NSA one game away from championshipPublished 10:40pm Thursday, November 15, 2012
Nansemond-Suffolk (8-3) at Blue Ridge (8-2) – Saturday, 1 p.m.
For the second time in the last four years, the Saints head to Saint George to face the Blue Ridge Barons for the Virginia Independent Schools Athletic Association Division II state championship.
In 2009 under head coach Kevin Allen, NSA came away with a 17-0 victory.
“This is the ultimate, and we’re excited, we’re prepared,” current NSA head coach Lew Johnston said.
The team will head to northern Virginia Friday and get the opportunity to practice on the Virginia Cavaliers’ practice field. They will also get to watch NSA alumnus Bobby Lamm and the Cavaliers practice.
This week brought good news for the Saints who defeated Trinity Episcopal 41-21 in the semifinal round without senior linebacker Jacob Laine.
“Jacob Laine has been cleared to play, so we got our defensive leader back,” Johnston said. “So, that’s just a boost for everybody having him back on the field.”
With regard to the Barons, Johnston was quick to give the team respect.
“They deserve to be here; they’re a good football team,” he said. “They’re very basic, they’re very fundamental. They don’t make a lot of mistakes.”
He described the Barons’ defense as one that is designed to shoot into the gaps where the Saints will be trying to send their runners. This will make the job of the offensive line and blockers exceedingly crucial.
“If we block like we should, it’s not going to be a problem,” Johnston said.
On defense, NSA will be looking to stop Blue Ridge senior running back Cody Pegram and junior wide receiver PJ White, who Johnston said is good out on the flank.
“Those are the two we’re going to have to kind of concentrate on, not that we can’t be paying attention to other things, but those are the two guys we got to stop,” he said.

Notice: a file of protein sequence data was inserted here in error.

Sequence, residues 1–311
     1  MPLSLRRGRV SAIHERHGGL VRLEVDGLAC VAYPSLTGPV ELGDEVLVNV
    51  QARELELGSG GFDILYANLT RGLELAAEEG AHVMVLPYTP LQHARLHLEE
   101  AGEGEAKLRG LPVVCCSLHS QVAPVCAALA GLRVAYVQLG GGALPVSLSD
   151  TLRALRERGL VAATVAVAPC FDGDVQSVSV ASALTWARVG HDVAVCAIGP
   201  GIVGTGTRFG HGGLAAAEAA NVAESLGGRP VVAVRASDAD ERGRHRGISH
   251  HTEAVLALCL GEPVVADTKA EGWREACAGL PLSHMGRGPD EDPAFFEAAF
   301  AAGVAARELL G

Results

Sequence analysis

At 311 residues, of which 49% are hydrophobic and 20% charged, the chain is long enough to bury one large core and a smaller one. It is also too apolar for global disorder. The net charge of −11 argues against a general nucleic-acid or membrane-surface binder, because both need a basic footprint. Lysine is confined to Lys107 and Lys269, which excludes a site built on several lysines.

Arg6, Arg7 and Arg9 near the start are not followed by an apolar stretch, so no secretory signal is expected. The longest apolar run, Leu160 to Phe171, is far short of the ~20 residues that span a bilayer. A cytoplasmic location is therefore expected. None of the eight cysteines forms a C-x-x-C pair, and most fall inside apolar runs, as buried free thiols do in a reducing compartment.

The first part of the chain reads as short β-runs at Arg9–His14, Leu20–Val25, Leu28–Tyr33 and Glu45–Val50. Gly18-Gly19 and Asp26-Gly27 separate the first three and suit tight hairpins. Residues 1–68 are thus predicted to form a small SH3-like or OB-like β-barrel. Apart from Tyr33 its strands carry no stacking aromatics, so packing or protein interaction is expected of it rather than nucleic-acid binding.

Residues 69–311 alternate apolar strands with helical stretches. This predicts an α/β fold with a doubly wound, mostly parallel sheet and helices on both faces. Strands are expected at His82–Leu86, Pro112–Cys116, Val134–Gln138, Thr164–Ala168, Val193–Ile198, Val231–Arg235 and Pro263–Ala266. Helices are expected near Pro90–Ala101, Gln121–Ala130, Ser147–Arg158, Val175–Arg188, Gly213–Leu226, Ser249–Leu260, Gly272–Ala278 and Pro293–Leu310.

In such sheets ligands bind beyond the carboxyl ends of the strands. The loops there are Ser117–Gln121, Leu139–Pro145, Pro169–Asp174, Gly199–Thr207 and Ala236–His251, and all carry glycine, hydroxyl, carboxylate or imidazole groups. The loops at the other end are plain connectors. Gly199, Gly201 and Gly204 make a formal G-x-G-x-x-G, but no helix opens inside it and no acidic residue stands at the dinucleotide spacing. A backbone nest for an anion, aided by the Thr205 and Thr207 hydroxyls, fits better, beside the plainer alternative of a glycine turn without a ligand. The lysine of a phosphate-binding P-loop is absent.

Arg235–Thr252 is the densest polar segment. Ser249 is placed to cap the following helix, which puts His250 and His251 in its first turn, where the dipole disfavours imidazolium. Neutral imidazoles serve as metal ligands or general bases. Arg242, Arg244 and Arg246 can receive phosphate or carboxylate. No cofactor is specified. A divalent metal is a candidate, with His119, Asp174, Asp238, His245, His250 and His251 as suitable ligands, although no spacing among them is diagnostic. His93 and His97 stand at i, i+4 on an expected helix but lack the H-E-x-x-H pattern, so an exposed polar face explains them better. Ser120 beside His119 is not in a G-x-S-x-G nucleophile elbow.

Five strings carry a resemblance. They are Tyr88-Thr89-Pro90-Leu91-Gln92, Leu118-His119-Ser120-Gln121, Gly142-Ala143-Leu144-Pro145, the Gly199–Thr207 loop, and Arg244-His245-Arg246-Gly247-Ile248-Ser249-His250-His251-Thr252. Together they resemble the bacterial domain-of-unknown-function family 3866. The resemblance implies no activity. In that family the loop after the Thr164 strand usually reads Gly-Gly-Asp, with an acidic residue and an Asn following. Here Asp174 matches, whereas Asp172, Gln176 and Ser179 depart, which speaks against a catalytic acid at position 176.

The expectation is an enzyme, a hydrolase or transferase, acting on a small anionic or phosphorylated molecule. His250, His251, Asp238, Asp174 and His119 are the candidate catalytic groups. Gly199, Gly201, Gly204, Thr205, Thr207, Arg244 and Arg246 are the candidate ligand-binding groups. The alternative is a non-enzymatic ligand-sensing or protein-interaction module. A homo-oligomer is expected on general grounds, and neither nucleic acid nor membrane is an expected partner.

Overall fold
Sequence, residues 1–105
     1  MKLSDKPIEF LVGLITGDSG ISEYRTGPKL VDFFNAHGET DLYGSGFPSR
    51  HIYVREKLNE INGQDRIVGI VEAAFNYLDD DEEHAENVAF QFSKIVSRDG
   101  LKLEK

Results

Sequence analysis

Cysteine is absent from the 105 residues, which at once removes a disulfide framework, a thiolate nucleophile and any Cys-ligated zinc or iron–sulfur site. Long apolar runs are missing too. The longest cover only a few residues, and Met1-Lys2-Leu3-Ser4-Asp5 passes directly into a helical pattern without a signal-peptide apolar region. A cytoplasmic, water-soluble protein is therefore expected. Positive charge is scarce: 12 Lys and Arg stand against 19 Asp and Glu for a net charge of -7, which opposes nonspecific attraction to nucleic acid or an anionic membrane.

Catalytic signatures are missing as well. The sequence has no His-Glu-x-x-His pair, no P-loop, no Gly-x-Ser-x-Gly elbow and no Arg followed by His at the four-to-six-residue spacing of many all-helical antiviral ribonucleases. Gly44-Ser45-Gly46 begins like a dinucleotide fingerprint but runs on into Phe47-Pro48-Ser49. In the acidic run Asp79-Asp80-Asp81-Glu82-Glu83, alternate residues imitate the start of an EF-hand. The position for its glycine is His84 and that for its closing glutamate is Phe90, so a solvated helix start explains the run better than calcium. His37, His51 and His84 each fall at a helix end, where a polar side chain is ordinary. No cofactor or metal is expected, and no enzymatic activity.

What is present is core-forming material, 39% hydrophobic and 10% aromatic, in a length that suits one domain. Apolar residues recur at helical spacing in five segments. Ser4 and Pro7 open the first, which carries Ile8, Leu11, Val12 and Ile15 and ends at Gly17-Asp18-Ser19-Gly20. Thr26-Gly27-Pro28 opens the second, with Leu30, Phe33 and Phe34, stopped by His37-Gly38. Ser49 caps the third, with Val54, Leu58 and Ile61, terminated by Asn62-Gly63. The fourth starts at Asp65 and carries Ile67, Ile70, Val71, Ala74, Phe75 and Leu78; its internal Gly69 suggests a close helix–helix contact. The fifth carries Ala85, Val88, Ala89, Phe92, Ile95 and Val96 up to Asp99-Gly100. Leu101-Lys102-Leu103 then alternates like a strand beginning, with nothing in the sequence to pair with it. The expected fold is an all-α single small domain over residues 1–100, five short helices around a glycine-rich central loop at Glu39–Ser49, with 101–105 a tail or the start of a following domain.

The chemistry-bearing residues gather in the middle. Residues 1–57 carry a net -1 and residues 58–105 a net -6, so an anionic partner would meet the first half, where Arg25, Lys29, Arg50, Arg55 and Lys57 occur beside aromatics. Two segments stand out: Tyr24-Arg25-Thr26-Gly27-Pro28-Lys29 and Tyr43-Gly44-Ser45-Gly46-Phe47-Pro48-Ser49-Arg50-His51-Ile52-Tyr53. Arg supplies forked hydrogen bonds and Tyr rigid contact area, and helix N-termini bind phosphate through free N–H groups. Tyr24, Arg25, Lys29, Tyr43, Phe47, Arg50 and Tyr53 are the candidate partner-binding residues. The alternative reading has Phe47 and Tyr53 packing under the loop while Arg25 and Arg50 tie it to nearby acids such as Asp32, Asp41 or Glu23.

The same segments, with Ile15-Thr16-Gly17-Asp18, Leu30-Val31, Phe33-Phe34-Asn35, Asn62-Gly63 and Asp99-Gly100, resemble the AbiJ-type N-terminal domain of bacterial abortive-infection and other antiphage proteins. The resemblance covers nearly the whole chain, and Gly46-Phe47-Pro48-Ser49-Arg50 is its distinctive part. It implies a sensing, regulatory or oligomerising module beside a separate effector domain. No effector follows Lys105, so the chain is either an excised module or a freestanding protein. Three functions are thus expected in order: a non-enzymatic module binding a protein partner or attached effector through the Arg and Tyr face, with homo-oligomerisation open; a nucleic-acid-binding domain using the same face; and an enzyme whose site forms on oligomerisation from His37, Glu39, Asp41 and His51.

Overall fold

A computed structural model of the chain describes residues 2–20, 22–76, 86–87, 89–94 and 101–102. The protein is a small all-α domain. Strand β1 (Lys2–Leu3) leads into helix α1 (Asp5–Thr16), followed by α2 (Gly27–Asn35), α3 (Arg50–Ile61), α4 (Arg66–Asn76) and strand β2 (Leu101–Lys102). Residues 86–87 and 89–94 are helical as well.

Johnston described what winning the state championship would mean to him in his second year with the program.
“It’s for the kids, and that’s why I came out here two years ago,” he said. “I fell in love with the school and the people. I told them, ‘I’ve earned my accolades, I got my trophies. This is for them.’”
“We’ve gotten them prepared, they’re focused, they’re ready. We’re confident.”
Lakeland (8-3) at Lake Taylor (11-0) – Friday, 7 p.m.
The Cavaliers break ground as they enter the second round of the state playoffs.
Lakeland head coach Glenwood Ferebee indicated that being the first do this was significant for him and his coaching staff, and it was a testament to the hard work put in by this particular group of players.
“It kind of makes you proud to sit back and think like, ‘Man, we had something special while I was coaching at Lakeland,’” he said.
After the Cavaliers’ 16-15 opening round victory last season over King’s Fork, Ferebee indicated that Lakeland now plays not just to represent itself, but the city of Suffolk. However, he is not letting the momentous nature of the game throw off his or his team’s concentration.
“I feel the same way I feel every Thursday,” he said this week. “It’s another game to us. We’re going to come out and play Lakeland football. I think if we eliminate mistakes, we’ll be all right.”
Due to injuries suffered in last week’s game against the Bulldogs, senior offensive guard/linebacker Chris Rodgers and senior offensive/defensive lineman Craig Taylor will be out.
Ferebee said that the Cavaliers and the Mighty Titans are no strangers.
“We scrimmaged them two years in a row — a lot of people don’t know that — and it was two good scrimmages and I think we beat them once and they beat us once,” he said. “So, we’re familiar with them and they’re familiar with us.”
These scrimmages came in 2010 and 2011, and Ferebee knows that Lake Taylor coaches came to watch Lakeland play this season.
Successfully blocking the many players that the Mighty Titans like to bring to the line of scrimmage on defense would be a key to offensive success, Ferebee revealed.
Defensively, he hopes the Cavaliers can take away Lake Taylor’s running game and force them to throw the football.
“We have to play responsibility football sort of like we played against King’s Fork,” Ferebee said. “They run a similar offense without all the motions that King’s Fork runs.”